Facebook: Lip Service to Privacy Is Over
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how it is being used, or how the data is being commingled with other data sets and eventually sold to advertisers.
The company isn’t ignoring today’s brouhaha. In recent days, and in response to growing outcries, it has ordered the identification and removal of a new batch of 135 accounts on its site linked to troll farms operated by Russia’s Internet Research Agency. It has announced that it will require advertisers wanting to run ads on hot-button political issues to first undergo an authorization process. Facebook is also releasing greater detail about how it collects and deploys troves of information about users; and it is proposing revisions to its privacy disclosures.
Facebook’s poor track record
These steps, though, are insufficient, and not merely because they don’t have enough teeth. Facebook has a poor track record of protecting privacy, even when it indicates it will do so.
In 2009, when Facebook unveiled new privacy controls, the goal was supposedly to enhance privacy options, theoretically making it easier for users to control how much of their information was public and how much viewable only to their network of friends.
What Facebook actually did, however, was to make everybody’s information public by default, forcing users to take active steps to make their settings more private—and knowing that many would not bother to do so.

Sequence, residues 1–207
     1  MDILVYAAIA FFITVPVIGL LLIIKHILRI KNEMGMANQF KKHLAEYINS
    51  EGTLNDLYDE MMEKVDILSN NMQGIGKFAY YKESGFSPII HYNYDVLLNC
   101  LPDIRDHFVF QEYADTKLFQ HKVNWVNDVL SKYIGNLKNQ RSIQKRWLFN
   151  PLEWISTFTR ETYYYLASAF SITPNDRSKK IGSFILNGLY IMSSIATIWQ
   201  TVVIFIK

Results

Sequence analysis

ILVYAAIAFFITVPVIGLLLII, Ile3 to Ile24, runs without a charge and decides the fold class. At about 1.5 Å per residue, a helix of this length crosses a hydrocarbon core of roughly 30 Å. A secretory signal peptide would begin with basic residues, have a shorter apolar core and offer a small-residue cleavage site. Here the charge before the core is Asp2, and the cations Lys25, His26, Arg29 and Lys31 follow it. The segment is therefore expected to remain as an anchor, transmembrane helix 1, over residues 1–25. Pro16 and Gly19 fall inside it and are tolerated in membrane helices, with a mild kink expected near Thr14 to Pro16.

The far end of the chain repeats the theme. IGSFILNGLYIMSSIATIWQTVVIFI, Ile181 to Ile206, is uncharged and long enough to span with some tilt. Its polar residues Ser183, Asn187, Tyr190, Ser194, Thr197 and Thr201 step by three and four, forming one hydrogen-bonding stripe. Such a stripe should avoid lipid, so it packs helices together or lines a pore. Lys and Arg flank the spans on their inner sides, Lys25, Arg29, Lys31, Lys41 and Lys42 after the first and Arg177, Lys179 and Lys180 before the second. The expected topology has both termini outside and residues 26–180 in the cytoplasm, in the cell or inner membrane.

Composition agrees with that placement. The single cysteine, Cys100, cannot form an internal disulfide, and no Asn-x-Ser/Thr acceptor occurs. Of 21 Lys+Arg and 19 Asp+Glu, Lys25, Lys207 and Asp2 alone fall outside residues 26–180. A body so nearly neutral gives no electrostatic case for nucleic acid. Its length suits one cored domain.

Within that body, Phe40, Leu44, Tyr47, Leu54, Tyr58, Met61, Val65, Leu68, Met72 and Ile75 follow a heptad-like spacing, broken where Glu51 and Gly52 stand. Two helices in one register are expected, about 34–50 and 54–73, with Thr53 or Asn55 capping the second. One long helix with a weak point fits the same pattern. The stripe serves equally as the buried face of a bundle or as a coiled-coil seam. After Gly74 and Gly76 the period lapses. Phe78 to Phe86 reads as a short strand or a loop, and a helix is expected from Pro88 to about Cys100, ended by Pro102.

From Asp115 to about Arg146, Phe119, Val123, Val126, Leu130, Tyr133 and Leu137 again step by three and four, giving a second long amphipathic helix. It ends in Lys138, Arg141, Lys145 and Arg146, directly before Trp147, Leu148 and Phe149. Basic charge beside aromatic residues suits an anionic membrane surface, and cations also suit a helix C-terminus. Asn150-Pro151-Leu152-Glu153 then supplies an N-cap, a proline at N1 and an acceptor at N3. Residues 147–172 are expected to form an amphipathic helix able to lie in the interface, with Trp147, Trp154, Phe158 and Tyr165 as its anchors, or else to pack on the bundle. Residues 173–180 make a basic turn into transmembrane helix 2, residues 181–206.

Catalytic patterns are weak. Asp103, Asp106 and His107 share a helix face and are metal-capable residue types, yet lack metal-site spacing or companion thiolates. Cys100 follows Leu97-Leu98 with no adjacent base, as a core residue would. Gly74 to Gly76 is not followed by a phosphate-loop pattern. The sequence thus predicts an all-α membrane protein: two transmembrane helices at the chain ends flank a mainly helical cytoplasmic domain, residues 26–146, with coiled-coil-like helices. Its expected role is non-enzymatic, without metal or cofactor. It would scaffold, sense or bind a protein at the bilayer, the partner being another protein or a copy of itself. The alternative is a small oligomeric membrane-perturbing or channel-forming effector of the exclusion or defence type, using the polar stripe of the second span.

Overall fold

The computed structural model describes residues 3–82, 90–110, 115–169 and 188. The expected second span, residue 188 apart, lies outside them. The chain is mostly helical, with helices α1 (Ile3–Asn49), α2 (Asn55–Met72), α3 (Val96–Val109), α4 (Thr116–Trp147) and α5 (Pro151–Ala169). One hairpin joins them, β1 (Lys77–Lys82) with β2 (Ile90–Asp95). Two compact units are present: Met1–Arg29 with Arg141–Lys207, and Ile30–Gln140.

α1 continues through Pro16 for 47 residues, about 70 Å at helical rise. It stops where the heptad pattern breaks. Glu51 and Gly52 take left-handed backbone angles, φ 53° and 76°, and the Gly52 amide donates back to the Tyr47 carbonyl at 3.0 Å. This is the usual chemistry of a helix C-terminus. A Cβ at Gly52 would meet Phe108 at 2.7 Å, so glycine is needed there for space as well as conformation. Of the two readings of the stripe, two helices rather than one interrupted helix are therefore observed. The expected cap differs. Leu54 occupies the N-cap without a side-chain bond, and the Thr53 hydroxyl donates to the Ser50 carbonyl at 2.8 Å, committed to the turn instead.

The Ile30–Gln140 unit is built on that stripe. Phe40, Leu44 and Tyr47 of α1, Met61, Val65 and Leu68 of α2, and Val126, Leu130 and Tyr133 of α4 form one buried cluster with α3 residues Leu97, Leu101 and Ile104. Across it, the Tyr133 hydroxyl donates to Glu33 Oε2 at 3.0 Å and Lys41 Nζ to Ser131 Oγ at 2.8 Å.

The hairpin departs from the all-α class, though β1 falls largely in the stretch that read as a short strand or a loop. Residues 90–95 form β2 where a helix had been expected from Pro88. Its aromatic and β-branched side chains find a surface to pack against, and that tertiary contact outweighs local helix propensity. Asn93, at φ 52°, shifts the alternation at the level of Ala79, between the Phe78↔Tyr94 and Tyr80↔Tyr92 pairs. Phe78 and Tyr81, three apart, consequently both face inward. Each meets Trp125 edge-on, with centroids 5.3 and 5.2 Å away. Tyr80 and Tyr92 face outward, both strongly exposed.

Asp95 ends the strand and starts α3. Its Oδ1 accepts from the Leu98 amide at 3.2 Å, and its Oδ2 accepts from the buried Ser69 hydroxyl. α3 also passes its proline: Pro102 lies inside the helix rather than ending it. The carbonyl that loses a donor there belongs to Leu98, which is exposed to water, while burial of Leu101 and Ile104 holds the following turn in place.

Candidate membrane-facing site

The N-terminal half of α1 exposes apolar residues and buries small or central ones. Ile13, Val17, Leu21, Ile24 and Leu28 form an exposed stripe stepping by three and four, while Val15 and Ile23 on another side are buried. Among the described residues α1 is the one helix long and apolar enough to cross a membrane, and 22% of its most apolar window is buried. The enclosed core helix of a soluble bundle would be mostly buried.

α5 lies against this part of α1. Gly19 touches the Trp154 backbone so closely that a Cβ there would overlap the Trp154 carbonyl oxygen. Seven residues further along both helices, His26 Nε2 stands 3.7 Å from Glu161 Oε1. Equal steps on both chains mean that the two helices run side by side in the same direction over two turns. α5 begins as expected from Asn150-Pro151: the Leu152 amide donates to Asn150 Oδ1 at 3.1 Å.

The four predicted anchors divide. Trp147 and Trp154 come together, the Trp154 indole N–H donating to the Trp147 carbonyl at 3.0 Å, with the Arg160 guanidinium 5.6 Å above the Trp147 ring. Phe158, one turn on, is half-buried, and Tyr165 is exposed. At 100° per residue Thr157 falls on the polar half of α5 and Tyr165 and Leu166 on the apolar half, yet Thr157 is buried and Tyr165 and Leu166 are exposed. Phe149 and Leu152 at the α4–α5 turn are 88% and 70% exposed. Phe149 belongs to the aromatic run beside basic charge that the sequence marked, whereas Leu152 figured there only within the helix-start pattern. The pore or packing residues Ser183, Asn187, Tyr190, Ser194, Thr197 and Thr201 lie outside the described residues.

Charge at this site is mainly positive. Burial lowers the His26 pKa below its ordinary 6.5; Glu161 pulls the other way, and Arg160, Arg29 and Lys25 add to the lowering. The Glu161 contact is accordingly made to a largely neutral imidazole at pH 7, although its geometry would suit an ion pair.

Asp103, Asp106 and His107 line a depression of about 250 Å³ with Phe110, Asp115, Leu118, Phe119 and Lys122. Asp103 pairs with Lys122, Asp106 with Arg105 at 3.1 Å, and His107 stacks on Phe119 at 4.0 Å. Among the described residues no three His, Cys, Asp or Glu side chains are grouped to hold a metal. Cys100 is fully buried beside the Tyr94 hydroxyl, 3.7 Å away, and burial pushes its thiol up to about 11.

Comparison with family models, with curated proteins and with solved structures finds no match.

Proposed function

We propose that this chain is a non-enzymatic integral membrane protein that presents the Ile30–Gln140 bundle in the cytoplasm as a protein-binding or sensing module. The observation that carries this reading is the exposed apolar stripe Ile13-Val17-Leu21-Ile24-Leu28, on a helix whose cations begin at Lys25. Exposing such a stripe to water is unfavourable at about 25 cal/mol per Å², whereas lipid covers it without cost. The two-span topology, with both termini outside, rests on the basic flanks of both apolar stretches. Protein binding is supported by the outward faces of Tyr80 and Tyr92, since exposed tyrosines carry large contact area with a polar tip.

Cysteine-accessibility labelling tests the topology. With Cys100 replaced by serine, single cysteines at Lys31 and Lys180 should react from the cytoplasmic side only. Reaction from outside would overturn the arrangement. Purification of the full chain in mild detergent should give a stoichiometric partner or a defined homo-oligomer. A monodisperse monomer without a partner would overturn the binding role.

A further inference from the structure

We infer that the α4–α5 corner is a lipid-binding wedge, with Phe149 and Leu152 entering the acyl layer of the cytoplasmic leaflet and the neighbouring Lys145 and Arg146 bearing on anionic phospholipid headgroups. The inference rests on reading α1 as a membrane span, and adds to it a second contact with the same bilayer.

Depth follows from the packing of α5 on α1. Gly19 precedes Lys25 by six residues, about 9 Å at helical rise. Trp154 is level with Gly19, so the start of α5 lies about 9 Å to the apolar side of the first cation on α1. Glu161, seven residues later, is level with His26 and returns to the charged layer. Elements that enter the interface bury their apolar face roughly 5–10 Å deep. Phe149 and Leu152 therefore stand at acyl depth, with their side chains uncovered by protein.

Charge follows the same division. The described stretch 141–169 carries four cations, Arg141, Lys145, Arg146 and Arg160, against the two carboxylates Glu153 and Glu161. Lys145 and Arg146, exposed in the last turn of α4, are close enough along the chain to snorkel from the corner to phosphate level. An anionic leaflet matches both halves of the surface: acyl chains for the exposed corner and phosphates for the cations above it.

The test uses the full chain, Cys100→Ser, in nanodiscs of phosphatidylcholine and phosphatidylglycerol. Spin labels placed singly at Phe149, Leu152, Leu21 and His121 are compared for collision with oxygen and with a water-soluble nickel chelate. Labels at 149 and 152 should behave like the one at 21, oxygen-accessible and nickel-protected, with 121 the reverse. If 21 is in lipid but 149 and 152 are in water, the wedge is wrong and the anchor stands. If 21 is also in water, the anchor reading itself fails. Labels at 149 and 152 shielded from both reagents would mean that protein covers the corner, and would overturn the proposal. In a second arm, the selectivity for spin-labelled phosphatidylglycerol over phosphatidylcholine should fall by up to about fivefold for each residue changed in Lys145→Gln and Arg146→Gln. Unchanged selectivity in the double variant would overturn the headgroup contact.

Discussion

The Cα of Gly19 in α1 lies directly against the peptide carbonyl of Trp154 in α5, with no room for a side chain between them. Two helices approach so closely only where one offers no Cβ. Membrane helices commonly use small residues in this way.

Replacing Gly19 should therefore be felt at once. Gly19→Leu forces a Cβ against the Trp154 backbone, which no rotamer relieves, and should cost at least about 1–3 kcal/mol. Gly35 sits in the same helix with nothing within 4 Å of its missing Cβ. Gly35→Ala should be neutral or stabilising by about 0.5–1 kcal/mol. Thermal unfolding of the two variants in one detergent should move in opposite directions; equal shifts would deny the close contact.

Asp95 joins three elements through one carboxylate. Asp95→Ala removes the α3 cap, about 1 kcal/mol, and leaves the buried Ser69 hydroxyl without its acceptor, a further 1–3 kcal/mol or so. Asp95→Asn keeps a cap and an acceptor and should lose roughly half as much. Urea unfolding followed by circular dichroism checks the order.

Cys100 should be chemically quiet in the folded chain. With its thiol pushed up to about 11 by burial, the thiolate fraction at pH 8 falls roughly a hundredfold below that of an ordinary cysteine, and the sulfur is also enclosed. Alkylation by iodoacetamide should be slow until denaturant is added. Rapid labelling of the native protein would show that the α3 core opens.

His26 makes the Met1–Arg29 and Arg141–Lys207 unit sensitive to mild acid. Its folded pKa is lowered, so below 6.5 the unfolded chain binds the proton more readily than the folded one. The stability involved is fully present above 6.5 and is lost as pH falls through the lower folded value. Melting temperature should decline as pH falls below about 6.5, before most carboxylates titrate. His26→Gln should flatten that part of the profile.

Two years later, the Federal Trade Commission charged that Facebook deceived consumers by telling them they could keep their information private, but then allowing their data to be made public. A settlement with the FTC required the company to give consumers notice before sharing information beyond what their data settings permitted.
Mark Zuckerberg is a world-class expert at monetizing aggregated data at the expense of privacy, which in Europe is rightly considered a fundamental human right. If users want more say over what is depicted about them online, that is a wise decision in these tumultuous times. If that challenges Facebook’s ability to maximize profits, so be it. Perhaps this opens the door for a new wave of innovation where privacy (and its twin—security) come first.